If you like running tools and getting lots of pretty coloured reports back, vulnerability management is probably for you. In essence it’s about identifying vulnerabilities and (unsurprisingly) managing them. In reality what this means is running some form of automated tool to cover all the devices on your network and reporting back details of weak configuration data.
A word about scope before we move on, I would strongly recommend working off a full IP address range rather than a host list for internal scanning. This helps the Inventory control by picking up those air-conditioning units, CCTV cameras and door controls that are unpatched. Equally make sure you add everything for your external ranges too.
Generally, vulnerability scanning is carried out by tools such as Nessus and Qualys and a good starting point is running them unauthenticated i.e. without credentials to logon to devices. The tools are good, but limited in what they can identify and equally can be prone to false positives.
They are good at:
- Finger printing operating systems and finding patches which are missing that have known exploits for example MS08-067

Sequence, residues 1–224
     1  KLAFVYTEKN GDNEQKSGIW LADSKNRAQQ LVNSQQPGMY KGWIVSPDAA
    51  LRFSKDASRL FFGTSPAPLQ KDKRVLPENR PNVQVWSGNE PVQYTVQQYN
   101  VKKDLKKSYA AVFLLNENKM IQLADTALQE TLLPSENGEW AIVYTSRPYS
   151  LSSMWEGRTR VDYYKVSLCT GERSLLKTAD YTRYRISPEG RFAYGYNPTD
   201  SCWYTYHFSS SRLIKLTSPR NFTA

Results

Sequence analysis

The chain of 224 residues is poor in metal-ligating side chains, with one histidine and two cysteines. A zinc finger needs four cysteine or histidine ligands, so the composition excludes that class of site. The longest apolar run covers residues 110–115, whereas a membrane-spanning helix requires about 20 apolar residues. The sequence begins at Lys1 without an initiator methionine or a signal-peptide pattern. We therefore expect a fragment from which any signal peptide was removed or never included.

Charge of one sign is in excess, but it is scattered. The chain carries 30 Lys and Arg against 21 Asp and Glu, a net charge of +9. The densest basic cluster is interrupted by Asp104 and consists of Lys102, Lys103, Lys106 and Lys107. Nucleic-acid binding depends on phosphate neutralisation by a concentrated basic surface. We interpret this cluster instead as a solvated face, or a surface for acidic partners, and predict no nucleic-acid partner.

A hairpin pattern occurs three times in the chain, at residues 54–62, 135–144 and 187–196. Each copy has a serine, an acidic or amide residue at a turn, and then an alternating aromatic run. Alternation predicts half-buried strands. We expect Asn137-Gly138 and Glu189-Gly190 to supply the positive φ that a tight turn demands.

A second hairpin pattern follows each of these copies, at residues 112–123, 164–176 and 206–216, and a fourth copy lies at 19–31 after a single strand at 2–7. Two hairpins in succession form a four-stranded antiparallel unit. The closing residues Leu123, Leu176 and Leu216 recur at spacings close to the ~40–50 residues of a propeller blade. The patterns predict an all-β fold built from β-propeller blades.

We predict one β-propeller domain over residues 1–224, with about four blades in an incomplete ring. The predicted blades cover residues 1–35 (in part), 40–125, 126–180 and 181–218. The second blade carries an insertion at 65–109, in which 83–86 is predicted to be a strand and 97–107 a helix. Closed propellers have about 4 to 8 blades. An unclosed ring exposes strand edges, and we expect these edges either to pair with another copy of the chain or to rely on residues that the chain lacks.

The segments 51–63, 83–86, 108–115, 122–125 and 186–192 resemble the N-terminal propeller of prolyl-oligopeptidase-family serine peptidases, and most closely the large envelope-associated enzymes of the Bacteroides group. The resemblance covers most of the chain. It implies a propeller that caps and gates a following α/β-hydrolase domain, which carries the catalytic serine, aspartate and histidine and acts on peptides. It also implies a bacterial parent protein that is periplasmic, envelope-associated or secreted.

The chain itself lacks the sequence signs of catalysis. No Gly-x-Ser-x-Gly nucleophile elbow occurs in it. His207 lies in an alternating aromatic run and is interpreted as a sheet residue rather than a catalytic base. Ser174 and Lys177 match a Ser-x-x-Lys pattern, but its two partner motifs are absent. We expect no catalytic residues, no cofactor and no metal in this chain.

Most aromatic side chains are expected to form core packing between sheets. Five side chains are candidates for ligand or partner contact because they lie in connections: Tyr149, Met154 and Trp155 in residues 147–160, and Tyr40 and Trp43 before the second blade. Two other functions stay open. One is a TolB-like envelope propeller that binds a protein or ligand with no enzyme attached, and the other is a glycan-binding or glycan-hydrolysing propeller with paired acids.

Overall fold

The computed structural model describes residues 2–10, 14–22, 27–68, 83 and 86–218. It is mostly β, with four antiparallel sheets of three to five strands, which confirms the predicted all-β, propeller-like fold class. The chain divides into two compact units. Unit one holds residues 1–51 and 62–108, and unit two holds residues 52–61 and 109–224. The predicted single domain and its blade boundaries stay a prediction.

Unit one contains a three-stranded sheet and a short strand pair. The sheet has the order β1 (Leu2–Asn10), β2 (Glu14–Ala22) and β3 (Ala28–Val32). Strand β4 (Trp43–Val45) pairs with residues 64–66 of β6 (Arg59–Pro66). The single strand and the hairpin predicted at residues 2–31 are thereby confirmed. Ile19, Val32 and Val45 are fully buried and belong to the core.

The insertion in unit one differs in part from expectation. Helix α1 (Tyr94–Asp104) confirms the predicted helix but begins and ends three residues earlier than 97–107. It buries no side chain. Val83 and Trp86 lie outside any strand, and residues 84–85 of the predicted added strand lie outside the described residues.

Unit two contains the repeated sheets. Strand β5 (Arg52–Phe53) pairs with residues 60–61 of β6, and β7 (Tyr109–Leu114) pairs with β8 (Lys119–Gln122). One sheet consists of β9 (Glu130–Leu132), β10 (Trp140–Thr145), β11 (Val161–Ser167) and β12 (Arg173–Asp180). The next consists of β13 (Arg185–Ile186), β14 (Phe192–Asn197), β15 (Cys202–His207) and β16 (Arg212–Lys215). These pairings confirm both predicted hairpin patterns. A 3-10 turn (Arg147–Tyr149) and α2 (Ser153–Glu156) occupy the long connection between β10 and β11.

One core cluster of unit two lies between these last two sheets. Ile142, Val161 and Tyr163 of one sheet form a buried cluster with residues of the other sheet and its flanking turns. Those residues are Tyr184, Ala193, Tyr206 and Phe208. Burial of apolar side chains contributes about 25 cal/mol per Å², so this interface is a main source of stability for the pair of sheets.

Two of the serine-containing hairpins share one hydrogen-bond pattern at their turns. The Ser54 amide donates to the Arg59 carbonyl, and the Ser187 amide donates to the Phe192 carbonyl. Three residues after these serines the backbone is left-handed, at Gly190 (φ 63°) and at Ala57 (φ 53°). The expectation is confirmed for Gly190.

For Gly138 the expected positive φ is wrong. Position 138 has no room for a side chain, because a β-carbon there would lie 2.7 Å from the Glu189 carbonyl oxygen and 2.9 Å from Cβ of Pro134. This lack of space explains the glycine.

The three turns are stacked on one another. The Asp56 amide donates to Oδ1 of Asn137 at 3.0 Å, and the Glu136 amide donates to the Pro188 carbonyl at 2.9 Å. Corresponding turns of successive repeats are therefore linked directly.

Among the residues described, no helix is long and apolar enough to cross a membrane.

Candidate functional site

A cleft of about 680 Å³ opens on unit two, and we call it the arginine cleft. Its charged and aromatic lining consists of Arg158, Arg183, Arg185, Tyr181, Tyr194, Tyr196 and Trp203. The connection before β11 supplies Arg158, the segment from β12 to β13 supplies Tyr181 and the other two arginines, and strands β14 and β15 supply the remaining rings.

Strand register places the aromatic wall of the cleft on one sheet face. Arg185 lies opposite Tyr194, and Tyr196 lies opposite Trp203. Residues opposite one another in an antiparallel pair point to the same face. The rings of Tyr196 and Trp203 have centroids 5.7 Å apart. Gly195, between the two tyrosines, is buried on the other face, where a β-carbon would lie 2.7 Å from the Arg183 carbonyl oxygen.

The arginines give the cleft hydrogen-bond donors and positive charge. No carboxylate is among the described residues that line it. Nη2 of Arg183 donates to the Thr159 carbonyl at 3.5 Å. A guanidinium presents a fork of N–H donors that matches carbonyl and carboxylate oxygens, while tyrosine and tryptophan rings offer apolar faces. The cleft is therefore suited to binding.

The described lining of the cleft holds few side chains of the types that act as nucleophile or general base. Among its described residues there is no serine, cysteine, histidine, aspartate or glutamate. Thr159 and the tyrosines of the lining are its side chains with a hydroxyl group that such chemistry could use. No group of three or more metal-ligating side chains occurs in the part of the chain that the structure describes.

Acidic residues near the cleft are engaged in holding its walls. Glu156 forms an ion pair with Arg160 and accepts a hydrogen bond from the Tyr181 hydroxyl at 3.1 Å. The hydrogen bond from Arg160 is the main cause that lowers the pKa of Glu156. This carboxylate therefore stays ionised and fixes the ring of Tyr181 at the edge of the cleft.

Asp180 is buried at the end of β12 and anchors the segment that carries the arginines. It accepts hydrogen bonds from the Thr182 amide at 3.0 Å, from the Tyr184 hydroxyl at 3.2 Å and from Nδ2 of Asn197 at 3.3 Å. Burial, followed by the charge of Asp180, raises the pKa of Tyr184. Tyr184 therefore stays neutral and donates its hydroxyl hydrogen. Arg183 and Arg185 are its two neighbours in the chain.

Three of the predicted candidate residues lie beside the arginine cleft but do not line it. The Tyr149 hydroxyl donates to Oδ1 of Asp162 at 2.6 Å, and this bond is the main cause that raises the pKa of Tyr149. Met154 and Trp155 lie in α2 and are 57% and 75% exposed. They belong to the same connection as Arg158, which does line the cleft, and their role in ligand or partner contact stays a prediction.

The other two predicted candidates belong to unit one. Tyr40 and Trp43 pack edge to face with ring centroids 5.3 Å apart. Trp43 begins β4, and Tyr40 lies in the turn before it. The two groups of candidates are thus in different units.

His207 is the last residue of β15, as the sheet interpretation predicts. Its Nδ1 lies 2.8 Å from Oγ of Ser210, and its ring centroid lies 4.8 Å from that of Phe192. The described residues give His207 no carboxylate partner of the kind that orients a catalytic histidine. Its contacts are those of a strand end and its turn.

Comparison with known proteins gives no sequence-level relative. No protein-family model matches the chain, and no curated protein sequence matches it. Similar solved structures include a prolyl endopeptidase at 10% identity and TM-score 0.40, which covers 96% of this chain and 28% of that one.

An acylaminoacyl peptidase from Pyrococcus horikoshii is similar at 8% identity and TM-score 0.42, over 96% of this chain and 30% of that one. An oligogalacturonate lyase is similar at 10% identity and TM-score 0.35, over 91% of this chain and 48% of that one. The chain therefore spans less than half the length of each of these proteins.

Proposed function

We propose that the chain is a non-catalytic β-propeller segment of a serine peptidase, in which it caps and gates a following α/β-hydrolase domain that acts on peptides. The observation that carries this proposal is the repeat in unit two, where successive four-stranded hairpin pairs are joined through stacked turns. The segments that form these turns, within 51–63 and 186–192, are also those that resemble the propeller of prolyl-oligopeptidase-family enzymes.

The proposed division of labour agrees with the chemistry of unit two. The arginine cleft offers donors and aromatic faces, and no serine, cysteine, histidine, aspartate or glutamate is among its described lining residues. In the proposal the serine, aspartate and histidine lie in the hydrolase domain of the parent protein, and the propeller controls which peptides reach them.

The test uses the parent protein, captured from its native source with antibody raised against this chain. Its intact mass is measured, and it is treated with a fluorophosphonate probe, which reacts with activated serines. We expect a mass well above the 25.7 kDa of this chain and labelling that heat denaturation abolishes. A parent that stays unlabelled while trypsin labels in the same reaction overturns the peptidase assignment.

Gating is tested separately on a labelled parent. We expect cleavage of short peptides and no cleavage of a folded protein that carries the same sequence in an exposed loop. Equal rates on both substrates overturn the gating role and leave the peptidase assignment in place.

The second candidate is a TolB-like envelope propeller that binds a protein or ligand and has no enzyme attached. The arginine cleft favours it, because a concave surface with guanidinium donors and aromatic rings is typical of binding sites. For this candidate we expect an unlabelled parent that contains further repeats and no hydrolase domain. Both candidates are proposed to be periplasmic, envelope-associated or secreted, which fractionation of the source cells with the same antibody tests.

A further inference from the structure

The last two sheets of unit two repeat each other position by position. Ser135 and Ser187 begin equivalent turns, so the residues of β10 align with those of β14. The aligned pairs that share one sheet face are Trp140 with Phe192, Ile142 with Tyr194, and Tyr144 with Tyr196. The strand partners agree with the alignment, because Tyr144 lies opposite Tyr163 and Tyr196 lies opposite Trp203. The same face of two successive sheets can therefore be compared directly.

- Identifying known bugs in common products (SSH, web servers etc.) when the services provide the version number
- Evaluating TLS/SSL configurations
- General windows unauthenticated hardening
They’re not so good in the web server or application layer. It’s always worth reading all of the findings as you may find “Informational” rated findings which are important for your business due to information leakage.
The vulnerability management control also includes device patching and hardening. Patching is self-explanatory and everyone should be moving towards a quick release mechanism for all security patches as it’s a strong line of defence and there no value in fighting against it.
Hardening can seem daunting, but resources such as Centre for Internet Security (CIS) free Benchmarks https://benchmarks.cisecurity.org make this easier. In addition the vulnerability scanning tools above allow for credentialed scanning of devices which allow you to report against CIS and other benchmarks automatically. The best approach with hardening is to take a newly built device, scan or manually check it and use GPO’s or scripts to harden it. Once this is clean roll it out everywhere.
Tools make vulnerability management really easy, the hard part is working through the output and fixing it. As ever, avoiding procrastination is key, take the high priority issues or assets first and work through them methodically safe in the knowledge you’re making the best use of your resource.
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